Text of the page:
Good luck with it anyway and keeping enjoying the joys of skating.
    When you are up to your arse in alligators it is difficult to remember you were only meant to be draining the swamp.

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    Talk to your instructors and ask them what skate shops they recommend or where they go for themselves. You want to make sure you get the best fit possible. Most skating shops carry Riedell and they make a nice line of beginner skates.

    These might be good for you, and a reputable shop will make sure they fit you properly.

    http://www.ice.riedellskates.com/Pro...uctName=133-TS

    http://www.ice.riedellskates.com/Pro...uctName=229-TS

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    You aren't crazy to feel that well fitting skates help. Since you have narrow feet (I do too) you know how nice it is to have shoes that fit well rather than slipping off withe very step.

    The brand Wifa is good for narrow feet. As a kid I was an AA width in a boot that was already considered narrow. Oh how I miss my Wifas.

    Go to a skate store and try on a few different brands and models. Don't be scared at the price, you are investing in something you will wear for a few years.

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    Whatever you do, don't buy skates that are a "bargain" because they *almost* fit perfectly. Buy skates that fit perfectly, because you will skate better in them and they will last you twice as long. If the heels in the borrowed skates do not feel snug, do not buy them. Once you start doing shoot-the-ducks and sit spins, it will be dangerous for your heel to slip up in the boot because your blade will catch in the ice and you'll go down. Get your feet properly measured (length, width at heel, and width at ball) and get the most reasonably priced skates that fit you properly in all three measurements. I speak from experience.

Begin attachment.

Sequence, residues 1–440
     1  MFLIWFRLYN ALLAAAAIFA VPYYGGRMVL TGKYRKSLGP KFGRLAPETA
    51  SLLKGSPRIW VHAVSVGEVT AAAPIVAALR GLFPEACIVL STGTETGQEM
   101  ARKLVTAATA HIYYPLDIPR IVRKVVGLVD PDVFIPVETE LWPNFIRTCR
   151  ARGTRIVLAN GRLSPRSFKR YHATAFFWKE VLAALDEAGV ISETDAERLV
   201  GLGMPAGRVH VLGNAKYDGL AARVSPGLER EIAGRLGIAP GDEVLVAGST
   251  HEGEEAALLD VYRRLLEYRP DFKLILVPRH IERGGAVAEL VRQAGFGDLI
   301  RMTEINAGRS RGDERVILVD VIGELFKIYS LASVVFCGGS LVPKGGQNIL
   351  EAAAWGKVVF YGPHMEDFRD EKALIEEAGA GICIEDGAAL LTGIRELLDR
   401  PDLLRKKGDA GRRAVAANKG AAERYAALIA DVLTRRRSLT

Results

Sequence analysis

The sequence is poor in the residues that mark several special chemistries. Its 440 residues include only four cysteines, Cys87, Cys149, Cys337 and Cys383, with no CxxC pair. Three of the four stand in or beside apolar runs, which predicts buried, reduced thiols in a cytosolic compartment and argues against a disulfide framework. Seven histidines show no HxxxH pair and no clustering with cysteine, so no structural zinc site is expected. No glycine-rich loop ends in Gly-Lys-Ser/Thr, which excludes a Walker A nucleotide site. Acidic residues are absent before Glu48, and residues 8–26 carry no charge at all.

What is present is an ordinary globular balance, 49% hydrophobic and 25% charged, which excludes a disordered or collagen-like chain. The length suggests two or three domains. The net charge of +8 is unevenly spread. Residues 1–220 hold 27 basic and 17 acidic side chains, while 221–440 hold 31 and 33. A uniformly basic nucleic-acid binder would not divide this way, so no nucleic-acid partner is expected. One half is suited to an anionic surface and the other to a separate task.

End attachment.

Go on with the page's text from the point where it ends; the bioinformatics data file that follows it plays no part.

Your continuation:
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    Quote Originally Posted by Synchkat View Post
    You aren't crazy to feel that well fitting skates help. Since you have narrow feet (I do too) you know how nice it is to have shoes that fit well rather than slipping off withe very step.

    The brand Wifa is good for narrow feet. As a kid I was an AA width in a boot that was already considered narrow. Oh how I miss my Wifas.

    Go to a skate store and try on a few different brands and models. Don't be scared at the price, you are investing in something you will wear for a few years.
    That's mine too, Wifa.

  7. #7

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    If you have as much fun as you sound to have, you have caught the addiction that is skating

    Own boots are a must as early as possible. And they are a really good investment. You only need to sharpen them once in a while but they should last a few years at least before you need new boots so they are not really that expensive in the long run but well worth it.
    You will skate much more securely in well fitted boots and you can skate in really thin socks as well (something I wouldn't like to do in rentals...) which gives you better contact to the ice.
    (I like to skate in very thin nylon socks myself and only wear ankle bunga pads for extra protection around the ankles.)